It is good from time to time to review or read a book that fits no usual category.
Such is the case with the three books reviewed today. One tells of a four-year sojourn on a reservation in northern Ontario, one is of three babies and their adopted parents and the third outlines the lives of two 19th-century giants.
Year of the Babies! is by Anne VanDonkersgoed (privately printed, price not given).
It’s divided into two parts. In the first, Anne and her husband, Ed, want children but the seven babies Anne conceives all miscarry.
Social workers and others tell them they are “unfit” to adopt.
Twenty-two years after their wedding, they were able to become foster parents and then to adopt. Nearly two years later, they adopted a second little girl with a congenital heart disease and, less than a year later, the latter’s newborn sister.
The second part of the book tells how Sarah Anne (the third baby) developed cancer at about five weeks and how she recovered.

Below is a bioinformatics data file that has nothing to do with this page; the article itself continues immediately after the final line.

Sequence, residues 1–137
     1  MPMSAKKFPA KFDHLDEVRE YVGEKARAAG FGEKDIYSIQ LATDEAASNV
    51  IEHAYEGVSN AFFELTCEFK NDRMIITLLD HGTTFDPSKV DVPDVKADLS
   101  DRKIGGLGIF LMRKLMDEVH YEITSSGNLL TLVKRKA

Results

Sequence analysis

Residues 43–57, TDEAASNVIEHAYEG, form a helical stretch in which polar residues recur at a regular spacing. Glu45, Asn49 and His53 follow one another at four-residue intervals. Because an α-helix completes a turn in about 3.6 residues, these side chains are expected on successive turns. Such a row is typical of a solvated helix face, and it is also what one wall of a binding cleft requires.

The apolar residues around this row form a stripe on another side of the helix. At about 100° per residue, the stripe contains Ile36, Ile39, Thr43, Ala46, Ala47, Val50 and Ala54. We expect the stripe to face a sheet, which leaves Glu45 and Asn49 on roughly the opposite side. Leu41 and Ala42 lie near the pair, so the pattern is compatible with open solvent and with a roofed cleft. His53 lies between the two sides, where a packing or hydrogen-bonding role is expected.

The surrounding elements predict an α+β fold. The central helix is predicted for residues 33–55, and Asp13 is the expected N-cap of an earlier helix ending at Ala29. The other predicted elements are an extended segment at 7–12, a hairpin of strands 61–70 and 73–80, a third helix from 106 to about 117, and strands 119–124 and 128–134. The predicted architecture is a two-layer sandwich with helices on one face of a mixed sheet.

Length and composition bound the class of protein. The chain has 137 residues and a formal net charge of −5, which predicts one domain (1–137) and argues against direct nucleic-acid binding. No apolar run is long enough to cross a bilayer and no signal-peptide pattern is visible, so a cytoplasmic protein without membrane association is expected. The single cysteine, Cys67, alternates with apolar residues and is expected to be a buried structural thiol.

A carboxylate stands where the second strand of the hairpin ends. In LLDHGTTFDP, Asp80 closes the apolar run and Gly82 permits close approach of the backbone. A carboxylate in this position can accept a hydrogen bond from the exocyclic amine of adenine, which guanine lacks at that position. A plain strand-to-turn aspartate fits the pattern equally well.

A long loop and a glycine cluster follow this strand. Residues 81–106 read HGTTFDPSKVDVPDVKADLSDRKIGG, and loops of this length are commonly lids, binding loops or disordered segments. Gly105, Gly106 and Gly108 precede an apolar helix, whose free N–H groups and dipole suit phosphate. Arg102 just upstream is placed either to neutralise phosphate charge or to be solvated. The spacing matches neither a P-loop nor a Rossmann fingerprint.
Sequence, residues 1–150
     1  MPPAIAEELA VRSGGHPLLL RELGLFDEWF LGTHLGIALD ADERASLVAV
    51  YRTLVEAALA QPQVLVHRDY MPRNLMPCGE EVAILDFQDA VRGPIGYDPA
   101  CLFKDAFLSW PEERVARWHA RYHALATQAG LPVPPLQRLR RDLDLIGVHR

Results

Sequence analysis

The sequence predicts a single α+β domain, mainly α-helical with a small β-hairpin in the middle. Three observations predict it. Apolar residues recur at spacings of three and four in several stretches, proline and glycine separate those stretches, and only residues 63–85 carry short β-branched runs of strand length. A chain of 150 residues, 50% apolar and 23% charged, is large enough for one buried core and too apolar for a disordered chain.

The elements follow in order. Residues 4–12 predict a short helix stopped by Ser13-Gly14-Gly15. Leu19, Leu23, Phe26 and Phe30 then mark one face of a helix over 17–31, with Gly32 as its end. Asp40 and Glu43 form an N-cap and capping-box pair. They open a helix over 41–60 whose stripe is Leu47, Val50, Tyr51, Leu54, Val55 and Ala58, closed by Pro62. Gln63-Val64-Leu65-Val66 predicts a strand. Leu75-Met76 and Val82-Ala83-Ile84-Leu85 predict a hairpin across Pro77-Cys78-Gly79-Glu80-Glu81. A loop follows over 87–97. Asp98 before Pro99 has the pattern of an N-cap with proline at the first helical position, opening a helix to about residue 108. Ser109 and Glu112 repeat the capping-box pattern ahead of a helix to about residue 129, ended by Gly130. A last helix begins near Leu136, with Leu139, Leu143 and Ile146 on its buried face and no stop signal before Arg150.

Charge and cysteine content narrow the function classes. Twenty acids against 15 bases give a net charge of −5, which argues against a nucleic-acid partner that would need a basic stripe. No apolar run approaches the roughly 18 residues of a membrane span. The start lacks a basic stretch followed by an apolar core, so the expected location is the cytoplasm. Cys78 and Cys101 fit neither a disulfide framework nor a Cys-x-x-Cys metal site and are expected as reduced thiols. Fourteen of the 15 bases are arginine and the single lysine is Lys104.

This book is a well-told narrative which will touch many readers; it is also a good Christian story and is highly recommended.
The other two books are good, but more conventional. The Extraordinary Life of Anna Swan by Anne Renaud (Cape Breton University Press, $14.95) briefly tells the story of the Nova Scotia giantess — she stood just under eight feet tall — and her giant husband, Martin Van Buren Bates, who was somewhat shorter.
There are many contemporary illustrations. The book seems to be intended for teenage readers — the vocabulary in the back suggests this — but it is suitable for anyone who wishes to know something of Swan.
Goodbyes Along the Way by Nathanael Reed (Penumbra Press, $19.95) is subtitled The People And Stories of Mattagami First Nation. It’s a look back at life in a remote village in northeastern Ontario between 1960 and 1964, when the author and his family lived there; his father was the only teacher in the one-room school, while Nathanael was 10 years old.
This book could well have been longer; what it contains seems more like samples of different types of narrative — sketches of some of the elders, fun and games with the other boys, and memorable events such as getting a sick child to hospital via bush plane after first having to shovel four inches of slush off part of the nearby lake to make a runway.
Elizabeth Cran is a freelance writer who writes a book review column for The Guardian. To comment or to send her books to review, write her at 111 Sydney St., Apt. 17, Saint John, N.B., E2L 2L8, or call her at 506-693-5498.